Update: See also this paper by James Stodder.
Update 2: In the comments below James Stodder recommends Irving Fisher’s book on “Scrip Currencies” and Georgiana Gomez’s recent book (2009) “Argentina’s Parallel Currency: The Economy of the Poor”. I knew Fisher’s book before, but was unaware of Gomez’s book (so I ordered it…)

Liaquat Ahamed should write a book about Trichet, Draghi, Weidmann & Co.

The author of the great book  ‘Lords of Finance: The Bankers Who Broke the World’ Liaquat Ahamed has a comment on ft.com on the euro crisis and the parallels of the behavior of today’s European central bankers with that of the central bankers of the 1930s. I have been making the argument many times that we are in the process of making the same mistakes as we did in the 1930s – particularly in Europe. Ahamed agrees.

Here is Ahamed:

“The situation in Europe today bears an eerie similarity to that of Europe in the 1930s. Ironically, Germany was then in the position of the peripheral European countries today. It was weighed down with government debt because of reparations imposed at Versailles; its banking system was severely undercapitalised, the result of the hyperinflation of the early 1920s; and it had become dependent on foreign borrowing. It was locked into a rigid fixed exchange rate system, the gold standard, which it dared not tamper with for fear of provoking a gigantic crisis of confidence. And so when the Depression hit and international capital markets essentially closed down, Germany had no choice but to impose brutal austerity. Eventually, unemployment rose to 35 per cent.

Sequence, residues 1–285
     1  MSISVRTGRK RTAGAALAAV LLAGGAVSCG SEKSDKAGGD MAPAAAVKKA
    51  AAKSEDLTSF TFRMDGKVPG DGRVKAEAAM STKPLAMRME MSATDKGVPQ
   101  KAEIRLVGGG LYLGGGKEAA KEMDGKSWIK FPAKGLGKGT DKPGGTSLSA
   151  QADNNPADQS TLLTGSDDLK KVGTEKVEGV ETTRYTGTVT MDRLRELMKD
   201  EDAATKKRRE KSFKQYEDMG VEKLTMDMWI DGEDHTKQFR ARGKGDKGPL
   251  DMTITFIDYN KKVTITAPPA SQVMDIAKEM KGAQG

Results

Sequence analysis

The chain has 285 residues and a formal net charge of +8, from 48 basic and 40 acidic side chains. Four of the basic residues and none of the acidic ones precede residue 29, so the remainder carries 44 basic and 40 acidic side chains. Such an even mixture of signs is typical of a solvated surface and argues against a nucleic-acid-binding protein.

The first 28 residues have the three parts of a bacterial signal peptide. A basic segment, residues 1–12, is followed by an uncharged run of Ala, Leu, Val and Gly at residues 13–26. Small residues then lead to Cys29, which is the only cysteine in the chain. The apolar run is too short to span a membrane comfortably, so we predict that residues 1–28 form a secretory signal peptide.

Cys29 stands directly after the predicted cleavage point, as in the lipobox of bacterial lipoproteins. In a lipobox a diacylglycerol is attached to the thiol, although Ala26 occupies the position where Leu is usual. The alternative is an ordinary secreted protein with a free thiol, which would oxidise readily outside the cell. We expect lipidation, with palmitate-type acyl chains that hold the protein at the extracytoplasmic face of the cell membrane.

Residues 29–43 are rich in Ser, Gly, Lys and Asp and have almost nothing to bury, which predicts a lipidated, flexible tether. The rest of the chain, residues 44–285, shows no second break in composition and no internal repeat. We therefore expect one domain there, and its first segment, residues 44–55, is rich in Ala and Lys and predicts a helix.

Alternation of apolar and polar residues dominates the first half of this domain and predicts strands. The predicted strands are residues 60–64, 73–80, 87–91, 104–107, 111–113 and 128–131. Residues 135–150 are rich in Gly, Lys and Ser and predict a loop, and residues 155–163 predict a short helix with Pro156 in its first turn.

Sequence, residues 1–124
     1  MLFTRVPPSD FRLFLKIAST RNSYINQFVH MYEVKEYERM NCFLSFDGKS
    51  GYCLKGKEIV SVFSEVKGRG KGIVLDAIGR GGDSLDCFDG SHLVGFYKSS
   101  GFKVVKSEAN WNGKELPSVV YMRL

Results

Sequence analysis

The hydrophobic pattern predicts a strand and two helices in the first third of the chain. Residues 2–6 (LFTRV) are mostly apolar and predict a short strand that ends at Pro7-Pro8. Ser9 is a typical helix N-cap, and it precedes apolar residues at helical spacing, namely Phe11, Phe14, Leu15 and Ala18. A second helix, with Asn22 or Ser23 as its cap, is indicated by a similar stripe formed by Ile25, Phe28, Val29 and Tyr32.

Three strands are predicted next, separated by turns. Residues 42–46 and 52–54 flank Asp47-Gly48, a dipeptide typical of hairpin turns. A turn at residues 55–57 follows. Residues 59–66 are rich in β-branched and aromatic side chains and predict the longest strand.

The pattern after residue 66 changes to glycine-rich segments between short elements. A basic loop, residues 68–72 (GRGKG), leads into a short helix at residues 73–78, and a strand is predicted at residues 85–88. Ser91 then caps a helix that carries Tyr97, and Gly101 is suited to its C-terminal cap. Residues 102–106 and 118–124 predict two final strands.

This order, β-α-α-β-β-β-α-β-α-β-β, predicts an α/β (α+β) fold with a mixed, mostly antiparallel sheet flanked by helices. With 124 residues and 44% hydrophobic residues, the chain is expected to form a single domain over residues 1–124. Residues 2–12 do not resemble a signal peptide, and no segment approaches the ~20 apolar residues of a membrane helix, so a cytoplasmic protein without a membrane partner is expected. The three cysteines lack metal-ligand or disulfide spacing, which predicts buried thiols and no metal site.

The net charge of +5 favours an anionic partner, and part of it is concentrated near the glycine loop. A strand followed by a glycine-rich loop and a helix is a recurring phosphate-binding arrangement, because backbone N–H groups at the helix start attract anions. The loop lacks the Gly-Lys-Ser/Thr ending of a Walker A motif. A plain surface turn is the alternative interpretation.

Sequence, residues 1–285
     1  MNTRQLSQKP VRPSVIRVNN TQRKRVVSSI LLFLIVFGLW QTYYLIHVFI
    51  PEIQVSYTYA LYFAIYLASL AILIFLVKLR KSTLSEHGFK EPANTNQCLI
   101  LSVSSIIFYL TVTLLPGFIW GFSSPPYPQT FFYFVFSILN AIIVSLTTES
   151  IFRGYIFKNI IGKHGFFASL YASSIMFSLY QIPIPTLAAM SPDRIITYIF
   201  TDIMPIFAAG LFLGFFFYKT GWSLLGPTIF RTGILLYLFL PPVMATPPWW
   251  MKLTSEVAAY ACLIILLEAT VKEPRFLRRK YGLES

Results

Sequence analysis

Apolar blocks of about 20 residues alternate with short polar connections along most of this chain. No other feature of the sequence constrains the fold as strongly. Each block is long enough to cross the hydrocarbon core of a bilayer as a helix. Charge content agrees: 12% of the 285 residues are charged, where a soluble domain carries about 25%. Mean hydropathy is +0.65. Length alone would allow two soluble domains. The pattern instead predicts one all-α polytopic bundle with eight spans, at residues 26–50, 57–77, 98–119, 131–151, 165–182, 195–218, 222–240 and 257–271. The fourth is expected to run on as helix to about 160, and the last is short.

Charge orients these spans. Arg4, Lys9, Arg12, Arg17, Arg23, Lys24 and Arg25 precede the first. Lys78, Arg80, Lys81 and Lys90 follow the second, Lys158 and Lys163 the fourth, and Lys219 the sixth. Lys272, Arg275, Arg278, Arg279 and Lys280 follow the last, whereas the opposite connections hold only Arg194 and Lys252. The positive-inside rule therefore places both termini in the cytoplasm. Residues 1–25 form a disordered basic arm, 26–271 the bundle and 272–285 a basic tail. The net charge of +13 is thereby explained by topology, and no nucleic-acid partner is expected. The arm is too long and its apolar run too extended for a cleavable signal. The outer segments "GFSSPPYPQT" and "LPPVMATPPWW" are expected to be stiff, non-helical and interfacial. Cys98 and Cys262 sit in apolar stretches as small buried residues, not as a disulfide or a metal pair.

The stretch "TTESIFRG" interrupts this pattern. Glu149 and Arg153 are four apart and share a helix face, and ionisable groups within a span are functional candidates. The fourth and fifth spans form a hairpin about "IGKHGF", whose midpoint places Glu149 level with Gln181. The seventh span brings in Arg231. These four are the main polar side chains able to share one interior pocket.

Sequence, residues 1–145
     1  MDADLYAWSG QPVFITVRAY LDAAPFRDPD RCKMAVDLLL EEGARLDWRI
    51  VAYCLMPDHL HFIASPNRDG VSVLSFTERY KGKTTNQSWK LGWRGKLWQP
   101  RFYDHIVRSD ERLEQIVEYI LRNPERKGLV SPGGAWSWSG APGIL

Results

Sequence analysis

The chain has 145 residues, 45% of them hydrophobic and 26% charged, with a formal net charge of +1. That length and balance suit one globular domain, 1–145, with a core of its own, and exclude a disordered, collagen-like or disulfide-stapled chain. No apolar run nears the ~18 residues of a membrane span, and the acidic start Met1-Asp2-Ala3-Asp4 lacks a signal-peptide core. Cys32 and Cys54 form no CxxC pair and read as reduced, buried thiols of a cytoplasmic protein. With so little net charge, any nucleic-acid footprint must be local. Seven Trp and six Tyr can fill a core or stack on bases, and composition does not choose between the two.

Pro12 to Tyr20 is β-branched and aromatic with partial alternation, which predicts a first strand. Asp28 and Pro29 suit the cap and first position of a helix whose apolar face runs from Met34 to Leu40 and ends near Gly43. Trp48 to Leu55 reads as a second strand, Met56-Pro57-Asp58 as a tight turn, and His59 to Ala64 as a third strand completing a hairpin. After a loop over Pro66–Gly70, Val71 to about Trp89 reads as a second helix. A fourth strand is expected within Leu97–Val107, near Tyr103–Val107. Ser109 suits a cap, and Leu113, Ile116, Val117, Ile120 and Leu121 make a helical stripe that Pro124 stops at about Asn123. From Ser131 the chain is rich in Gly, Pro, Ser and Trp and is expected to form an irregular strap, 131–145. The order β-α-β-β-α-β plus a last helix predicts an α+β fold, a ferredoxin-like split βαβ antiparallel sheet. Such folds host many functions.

Like today, in the 1930s there was one major economy in Europe doing well. It was France. While the rest of Europe was suffering, unemployment in France, as in Germany today, was in the low single figures. And France, again like Germany today, had large current-account surpluses and was in a financial position to act as the locomotive for the rest of Europe. But the French authorities of the 1930s, refusing to accept responsibility for what was happening elsewhere in Europe, would not adopt expansionary policies. Nor would they lend directly to Germany, fearing that they would be throwing good money after bad. The effect of French policy eventually brought down the whole financial system of western Europe”

I completely agree. The PIIGS are the Germany of the 1930s and Germany of today is France of the 1930s. In that regard it should be noted that despite France initially avoided being hard hit by the Great Depression, but the crisis eventually caught up with the French economy in 1931-32. Let that be a lesson for Merkel and Weidmann. Unfortunately today’s policy makers seem completely unaware of the parallels to the mistakes of the 1930s.

Maybe it is time for  Liaquat Ahamed to write a book on today’s Lords of Finance – the central bankers who are in the process of killing the European economy.


For an overview of some of my posts on the 1930s see here.

Book recommendation of the week: I just received in the mail what seems to be a very interesting book on Exchange Rate Regimes of small states in twenties-century Europe. The book “Fixed Ideas of Money” by Tobias Straumann tells the story of why European small economies such as the Scandinavian countries, Belgium, the Netherlands and Switzerland have been so attracted to pegged exchange rate regimes. From what of the book I have read so far I must say it is very interesting and the book is full of interesting anecdotes from European monetary history. The book is extremely well-researched and it is clear that Straumann has had access to local sources for information about monetary policy in for example Denmark or Belgium in the 1930s.